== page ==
Shares
     Weighted-
Average
Grant
Fair Value
 

Balance at January 30, 2011

     3,270       $ 10.83         174       $ 20.96         8       $ 21.22   

Granted

     173       $ 45.30         222         40.66         8         47.55   

Exercised

     1,088       $ 8.15         —           —           —           —     

Forfeited

     38       $ 8.08         2         41.22         —           —     
  

 

 

    

 

 

    

 

 

    

 

 

    

 

 

    

 

 

 

Balance at October 30, 2011

     2,317       $ 14.69         394       $ 31.95         16       $ 34.17   
  

 

 

    

 

 

    

 

 

    

 

 

    

 

 

    

 

 

 

Exercisable at October 30, 2011

     563       $ 8.79         —         $ —           —         $ —     
  

 

 

    

 

 

    

 

 

    

 

 

    

 

 

    

 

 

 

The Company’s performance stock units are awarded to eligible employees and entitle the grantee to receive up to 1.5 shares of common stock per performance stock unit if the Company achieves specified performance goals and the grantee remains employed during the vesting period. The fair value of performance stock units is based on the closing price of the Company’s common stock on the award date. Expense for performance stock units is recognized when it is probable that the performance goal will be achieved.

Stockholder- sponsored stock options

During the thirteen weeks ended October 30, 2011, holders of exchangeable shares converted 400 exchangeable shares into 400 shares of common stock of the Company for no additional consideration. In connection with the exchange of exchangeable shares, an equal number of outstanding shares of the Company’s special voting stock were cancelled.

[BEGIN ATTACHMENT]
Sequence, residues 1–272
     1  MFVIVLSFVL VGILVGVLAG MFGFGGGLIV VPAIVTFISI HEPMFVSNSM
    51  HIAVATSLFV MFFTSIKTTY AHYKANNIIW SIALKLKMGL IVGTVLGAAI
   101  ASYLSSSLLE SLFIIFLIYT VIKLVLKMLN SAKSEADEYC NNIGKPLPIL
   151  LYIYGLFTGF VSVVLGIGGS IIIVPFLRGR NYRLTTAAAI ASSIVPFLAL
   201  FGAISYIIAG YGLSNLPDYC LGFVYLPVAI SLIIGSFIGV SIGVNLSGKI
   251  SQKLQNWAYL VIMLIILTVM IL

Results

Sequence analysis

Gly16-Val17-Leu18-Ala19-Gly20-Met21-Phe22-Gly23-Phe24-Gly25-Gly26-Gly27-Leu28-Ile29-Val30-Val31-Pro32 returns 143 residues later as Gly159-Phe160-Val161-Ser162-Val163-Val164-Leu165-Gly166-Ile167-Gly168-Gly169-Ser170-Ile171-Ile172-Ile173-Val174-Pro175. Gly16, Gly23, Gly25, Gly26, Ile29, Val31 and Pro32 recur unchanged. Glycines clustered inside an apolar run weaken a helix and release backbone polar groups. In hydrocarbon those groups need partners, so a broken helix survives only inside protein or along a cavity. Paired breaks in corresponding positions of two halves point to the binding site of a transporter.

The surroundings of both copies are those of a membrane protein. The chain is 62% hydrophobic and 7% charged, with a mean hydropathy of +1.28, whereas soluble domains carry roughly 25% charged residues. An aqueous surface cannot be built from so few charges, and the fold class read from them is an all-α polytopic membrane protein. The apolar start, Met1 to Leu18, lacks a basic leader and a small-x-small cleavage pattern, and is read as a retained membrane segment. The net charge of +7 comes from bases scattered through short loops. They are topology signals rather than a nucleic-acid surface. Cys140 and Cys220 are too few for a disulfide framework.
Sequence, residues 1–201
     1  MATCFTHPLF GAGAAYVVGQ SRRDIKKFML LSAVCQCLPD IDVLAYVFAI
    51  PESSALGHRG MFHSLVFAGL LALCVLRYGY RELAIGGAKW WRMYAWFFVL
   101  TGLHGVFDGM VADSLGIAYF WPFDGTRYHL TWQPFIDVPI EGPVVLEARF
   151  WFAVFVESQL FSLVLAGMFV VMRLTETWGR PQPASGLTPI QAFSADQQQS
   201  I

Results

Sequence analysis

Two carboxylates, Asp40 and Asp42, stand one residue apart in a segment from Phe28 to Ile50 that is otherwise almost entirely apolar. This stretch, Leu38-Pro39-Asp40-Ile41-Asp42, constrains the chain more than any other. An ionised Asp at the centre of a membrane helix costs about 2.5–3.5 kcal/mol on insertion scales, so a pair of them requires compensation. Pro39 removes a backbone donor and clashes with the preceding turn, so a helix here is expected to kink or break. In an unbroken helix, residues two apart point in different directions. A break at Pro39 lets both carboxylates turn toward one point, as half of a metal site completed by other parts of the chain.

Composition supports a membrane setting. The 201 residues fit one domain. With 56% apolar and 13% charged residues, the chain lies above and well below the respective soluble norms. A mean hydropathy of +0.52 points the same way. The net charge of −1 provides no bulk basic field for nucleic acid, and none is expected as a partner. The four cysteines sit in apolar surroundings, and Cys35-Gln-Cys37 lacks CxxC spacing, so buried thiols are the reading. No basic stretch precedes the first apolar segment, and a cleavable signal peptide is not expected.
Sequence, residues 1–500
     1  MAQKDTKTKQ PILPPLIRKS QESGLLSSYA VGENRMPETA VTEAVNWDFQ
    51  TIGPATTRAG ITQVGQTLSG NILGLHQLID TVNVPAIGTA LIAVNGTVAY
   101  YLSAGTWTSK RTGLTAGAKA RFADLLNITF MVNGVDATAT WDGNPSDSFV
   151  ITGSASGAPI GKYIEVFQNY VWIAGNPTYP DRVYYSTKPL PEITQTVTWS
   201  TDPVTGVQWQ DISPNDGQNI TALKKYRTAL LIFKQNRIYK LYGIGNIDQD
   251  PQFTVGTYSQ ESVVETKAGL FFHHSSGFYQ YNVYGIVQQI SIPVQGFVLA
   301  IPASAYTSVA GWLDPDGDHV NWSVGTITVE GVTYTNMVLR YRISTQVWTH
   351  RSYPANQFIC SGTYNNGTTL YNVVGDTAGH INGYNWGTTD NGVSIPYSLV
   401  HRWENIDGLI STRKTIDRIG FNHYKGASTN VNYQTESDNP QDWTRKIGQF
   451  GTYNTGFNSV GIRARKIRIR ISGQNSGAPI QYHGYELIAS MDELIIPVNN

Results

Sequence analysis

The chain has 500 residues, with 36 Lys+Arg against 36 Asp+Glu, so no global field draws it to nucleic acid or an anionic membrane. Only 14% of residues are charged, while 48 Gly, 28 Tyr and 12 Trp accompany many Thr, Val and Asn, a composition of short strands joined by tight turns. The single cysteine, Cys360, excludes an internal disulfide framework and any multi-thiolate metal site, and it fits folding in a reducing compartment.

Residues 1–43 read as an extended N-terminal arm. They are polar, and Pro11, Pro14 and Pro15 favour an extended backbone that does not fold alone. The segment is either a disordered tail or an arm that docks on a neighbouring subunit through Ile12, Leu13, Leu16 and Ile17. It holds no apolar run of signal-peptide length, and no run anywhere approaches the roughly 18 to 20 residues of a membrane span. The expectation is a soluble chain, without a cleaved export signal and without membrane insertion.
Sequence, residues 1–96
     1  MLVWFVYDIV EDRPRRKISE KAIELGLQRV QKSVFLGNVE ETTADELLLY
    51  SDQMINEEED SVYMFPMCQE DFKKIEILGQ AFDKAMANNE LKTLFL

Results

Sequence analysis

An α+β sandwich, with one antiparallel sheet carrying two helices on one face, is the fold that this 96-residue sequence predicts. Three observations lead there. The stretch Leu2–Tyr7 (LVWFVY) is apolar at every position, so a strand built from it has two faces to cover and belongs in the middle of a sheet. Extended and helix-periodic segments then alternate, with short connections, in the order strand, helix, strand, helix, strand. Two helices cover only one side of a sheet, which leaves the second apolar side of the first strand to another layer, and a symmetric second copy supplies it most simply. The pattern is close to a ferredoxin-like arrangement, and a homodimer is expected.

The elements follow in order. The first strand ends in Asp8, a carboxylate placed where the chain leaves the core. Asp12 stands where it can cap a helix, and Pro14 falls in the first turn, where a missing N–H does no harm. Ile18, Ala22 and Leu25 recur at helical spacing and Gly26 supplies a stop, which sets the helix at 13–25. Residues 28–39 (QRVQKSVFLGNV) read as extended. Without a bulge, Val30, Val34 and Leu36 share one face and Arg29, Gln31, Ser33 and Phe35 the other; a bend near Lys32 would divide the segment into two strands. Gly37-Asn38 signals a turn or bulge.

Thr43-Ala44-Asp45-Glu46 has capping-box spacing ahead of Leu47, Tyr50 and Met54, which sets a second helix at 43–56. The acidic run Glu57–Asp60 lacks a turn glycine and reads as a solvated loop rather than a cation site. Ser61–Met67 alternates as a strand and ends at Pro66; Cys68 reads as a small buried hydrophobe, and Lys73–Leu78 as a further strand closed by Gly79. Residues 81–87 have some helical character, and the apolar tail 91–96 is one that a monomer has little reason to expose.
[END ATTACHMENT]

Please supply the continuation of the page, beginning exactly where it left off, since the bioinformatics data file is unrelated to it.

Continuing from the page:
During the thirteen weeks ended October 30, 2011, there were no grants or forfeitures related to the stock options issued and outstanding under the stockholder-sponsored awards.

Employee share purchase plan

The Company’s Employee Share Purchase Plan (“ESPP”) allows for the purchase of common stock of the Company by all eligible employees. Eligible employees may elect to have whatever portion of his or her base salary equates, after deduction of applicable taxes, to either 3%, 6% or 9% of his or her base salary withheld during each payroll period for purposes of purchasing shares of the Company’s common stock under the ESPP. Additionally, the Company or the subsidiary of the Company employing the participant, will make a cash contribution as additional compensation to each participant equal to one-third of the aggregate amount of that participant’s contribution for that pay period, which will be used to purchase shares of the Company’s common stock, subject to certain limits as defined in the ESPP. The maximum number of shares available under the ESPP is 6,000 shares. During the thirteen weeks ended October 30, 2011, there were 19 shares purchased under the ESPP, which were funded by the Company through open market purchases.